Financial Literacy and Shrouded Credit Card Rewards
22 Pages Posted: 13 Mar 2013
Date Written: March 13, 2013
Credit card companies charge an interchange fee for each transaction, and almost half of this fee is returned to consumers in the form of a reward or perk program. Among credit card users who do not use cards for borrowing (convenience users), rewards are a means to negotiate the implicit price of the interchange fee. Any consumer whose time cost is less than the value of rebates should rationally choose a reward card. Half of convenience users do not own a reward card.
Gabaix and Laibson (2006) propose a model of market segmentation where sellers maximize profits by taking advantage of shrouded attributes through product characteristic separation. Not all credit cards offer rewards, and many credit card companies market non-salient credit card characteristics to appeal to naïve consumers while offering lower-price cards (net the rebate) to compete for more sophisticated consumers.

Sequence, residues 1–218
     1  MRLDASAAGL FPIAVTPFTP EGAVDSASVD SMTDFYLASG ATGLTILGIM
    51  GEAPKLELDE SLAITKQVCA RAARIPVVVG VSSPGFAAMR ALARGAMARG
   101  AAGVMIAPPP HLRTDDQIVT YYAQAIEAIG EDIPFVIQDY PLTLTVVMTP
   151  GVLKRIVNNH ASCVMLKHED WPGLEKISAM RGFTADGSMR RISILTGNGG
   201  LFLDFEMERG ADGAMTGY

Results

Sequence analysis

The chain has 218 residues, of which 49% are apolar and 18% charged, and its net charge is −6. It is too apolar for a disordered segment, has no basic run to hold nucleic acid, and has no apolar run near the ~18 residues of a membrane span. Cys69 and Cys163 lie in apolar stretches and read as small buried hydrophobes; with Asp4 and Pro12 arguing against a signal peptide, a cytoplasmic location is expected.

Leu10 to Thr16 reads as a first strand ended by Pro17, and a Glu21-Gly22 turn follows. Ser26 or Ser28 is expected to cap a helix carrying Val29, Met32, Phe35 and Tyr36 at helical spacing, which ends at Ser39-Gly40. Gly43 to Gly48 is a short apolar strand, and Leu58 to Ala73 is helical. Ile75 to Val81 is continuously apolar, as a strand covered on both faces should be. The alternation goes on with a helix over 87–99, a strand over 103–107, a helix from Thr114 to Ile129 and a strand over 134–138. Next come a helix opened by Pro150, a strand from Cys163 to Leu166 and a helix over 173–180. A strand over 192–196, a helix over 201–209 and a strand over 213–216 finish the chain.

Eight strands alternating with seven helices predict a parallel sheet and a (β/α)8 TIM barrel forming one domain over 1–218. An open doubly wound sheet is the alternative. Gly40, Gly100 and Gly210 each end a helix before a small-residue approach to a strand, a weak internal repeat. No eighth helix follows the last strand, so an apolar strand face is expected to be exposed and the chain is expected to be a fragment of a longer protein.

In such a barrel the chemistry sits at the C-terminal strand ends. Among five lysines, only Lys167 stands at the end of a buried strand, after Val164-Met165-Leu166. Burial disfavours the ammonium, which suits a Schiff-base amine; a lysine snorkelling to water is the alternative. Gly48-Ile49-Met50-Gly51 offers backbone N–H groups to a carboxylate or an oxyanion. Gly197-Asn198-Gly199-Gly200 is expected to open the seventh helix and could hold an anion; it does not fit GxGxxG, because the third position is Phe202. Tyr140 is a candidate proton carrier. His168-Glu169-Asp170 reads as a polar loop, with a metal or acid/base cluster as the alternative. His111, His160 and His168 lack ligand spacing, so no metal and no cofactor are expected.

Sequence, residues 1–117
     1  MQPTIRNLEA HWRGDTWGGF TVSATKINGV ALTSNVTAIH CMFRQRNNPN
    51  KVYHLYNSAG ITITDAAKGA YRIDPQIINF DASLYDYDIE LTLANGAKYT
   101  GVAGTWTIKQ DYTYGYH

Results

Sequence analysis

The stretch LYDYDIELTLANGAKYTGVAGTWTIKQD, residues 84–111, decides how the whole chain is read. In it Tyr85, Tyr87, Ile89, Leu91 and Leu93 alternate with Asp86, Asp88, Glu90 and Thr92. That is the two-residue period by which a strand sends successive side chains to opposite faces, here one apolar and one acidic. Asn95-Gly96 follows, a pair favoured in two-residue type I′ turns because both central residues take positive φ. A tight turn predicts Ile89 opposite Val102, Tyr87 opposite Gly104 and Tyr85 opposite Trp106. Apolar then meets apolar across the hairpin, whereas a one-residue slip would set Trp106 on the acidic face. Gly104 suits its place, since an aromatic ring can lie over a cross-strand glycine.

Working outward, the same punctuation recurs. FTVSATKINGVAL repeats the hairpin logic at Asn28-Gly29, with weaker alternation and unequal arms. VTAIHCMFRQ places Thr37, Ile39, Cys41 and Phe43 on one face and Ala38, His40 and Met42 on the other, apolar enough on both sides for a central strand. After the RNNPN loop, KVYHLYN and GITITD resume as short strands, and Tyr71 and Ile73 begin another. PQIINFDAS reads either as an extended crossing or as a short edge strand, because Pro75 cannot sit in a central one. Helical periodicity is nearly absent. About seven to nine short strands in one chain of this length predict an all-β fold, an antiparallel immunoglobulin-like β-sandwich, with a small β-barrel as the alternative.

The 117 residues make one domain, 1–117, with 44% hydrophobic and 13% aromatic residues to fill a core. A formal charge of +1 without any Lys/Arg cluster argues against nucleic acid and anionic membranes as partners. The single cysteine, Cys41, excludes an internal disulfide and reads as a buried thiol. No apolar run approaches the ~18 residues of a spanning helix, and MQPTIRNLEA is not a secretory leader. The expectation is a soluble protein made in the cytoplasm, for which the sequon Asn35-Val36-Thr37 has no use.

We hypothesize that naïve choice among credit card consumers may be explained by financial literacy. When household characteristics such as education, income and wealth are controlled, we find that respondents in the highest financial literacy quintile were twice as likely to own a rewards card. These results imply that consumers with financial literacy deficiencies risk consumer credit product exploitation.
Keywords: Financial literacy, credit card rewards, shrouded attributes, household finance
JEL Classification: D11, D12, D18, D83, G21, H31
Suggested Citation: Suggested Citation